Shaking The Holiday Blues Away

an excerpt



Wednesday, October 28, 2015

For all his swagger, swath and swashbuckling, Indiana Jones, I believe, would envy me--at least, he would covet the breadth, depth and scope of adventure in my career. That is, he would, if Indy were a real man, and not simply a fictional amalgam of the square-jawed archeologist, modeled after early twentieth-century movie serials heroes, and created by George Lucas.

But the filmmaker's flamboyant fabrication would not envy the fact that I haven't been able to pitch him from my mind since last night when Clancy O'Toole and I went to the Indiana Jones double bill at the Aero in Santa Monica.

Indy trots the globe, risking life and limb, making archeology and anthropology look glamorous and kick-ass to moviegoers worldwide. They are neither glamorous nor kick-ass.

On the other hand, unlimited by space, time, dimension, and so-called "reality," my career adventures span the entirety and vastness of God's Creation. My profession is sometimes glamorous, but always kick-ass.

My work, last Thursday, illustrates nicely this truth.

My morning patient was a woman with a phobia of smokers. After regressing her to a past life in the seventeenth century, I discovered that her irrational fear was not based upon any present-life health concern; it was rooted in a previous existence. She had been burned as a witch in 1692, Salem, Massachusetts. Quite simply she had carried her sensitivity to smoke into her current life.

That very afternoon, the day's second patient had a morbid fear of technology. Under my hypnotic guidance, he went forward in time to a future life--one in the faraway year of 2215. Once there, we discovered that his technophobia was rooted in a precognition of his twenty-third-century life in which technology had severely compromised humanity, and ended his life prematurely. You see, by the twenty-third century, human beings will become technological-biological hybrids--more nuts and bolts than flesh and blood.

In his twenty-third-century life, my patient had been assassinated by an enemy who attacked his technological vulnerabilities.

I ended his fear of mechanical things by breaking the precognitive ties that bound him to that future hybrid self.

As last week's examples illustrate, their present versions are insufficient to contain the answers to life's greatest present-day challenges. Pretty damn kick-ass, right? Of course.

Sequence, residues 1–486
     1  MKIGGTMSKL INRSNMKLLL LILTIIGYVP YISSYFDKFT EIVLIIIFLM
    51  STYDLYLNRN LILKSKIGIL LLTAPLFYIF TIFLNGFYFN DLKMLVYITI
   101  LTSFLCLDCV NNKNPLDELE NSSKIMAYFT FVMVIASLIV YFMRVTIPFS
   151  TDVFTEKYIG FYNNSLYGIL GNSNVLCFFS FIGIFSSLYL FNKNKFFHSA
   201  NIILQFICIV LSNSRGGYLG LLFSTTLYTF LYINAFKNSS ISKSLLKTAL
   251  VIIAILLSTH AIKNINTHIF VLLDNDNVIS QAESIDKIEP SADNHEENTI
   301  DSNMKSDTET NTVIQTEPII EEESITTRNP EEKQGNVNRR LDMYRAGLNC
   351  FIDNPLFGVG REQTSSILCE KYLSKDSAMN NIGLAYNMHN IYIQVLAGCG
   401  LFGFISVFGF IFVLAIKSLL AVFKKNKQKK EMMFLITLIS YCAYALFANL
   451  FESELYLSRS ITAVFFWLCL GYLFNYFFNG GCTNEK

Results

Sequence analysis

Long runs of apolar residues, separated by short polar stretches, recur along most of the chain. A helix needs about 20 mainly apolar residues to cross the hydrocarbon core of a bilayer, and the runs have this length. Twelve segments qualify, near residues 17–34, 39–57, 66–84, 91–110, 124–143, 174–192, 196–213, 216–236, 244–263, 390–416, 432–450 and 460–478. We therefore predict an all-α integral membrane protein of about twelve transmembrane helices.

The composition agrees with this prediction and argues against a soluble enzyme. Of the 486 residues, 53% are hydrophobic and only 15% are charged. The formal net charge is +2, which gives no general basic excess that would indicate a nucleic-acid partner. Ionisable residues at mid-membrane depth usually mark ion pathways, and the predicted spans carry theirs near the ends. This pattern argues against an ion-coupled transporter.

What's more, unlike Indiana Jones, my profession is limited only by the breadth, scope, and variety of Everything That Is. I may not risk life and limb--I'm not globetrotting, like Indy. I work from the comfort and safety of my Hermosa Beach, California office. But I get the job done, even if it means going back into a patient's long-defunct physical life, or one, that in Earth's faulty belief in past, present and future, has yet to unfold.

Indiana Jones is make believe--the product of a filmmaker's vivid imagination, but I'm flesh and blood--the real deal. That's why I believe that my life as a metaphysical adventurer would make Indy blush envy green.

Allow me to introduce myself. Dr. Minnow Saint James is my name, and, as you may have guessed, Past Life Hypnotic Regression therapy is my game.

At forty-one, I'm a fit and fabulous single gay man--six feet tall, lean of physique, with a coarse mane of chestnut hair, complimented by pure hazel eyes. When I want to appear wiser than I feel, I cast my eyes heavenward and stroke my goatee thoughtfully. When I'm looking to disarm someone, or ingratiate myself, running a hand jauntily through my hair usually does the trick.

If you subscribe to the belief that life begins at forty, then, as you can see, I've barely left infancy behind.

Working from a smart office suite with a spectacular Pacific Ocean View, I'm at the top of my career game.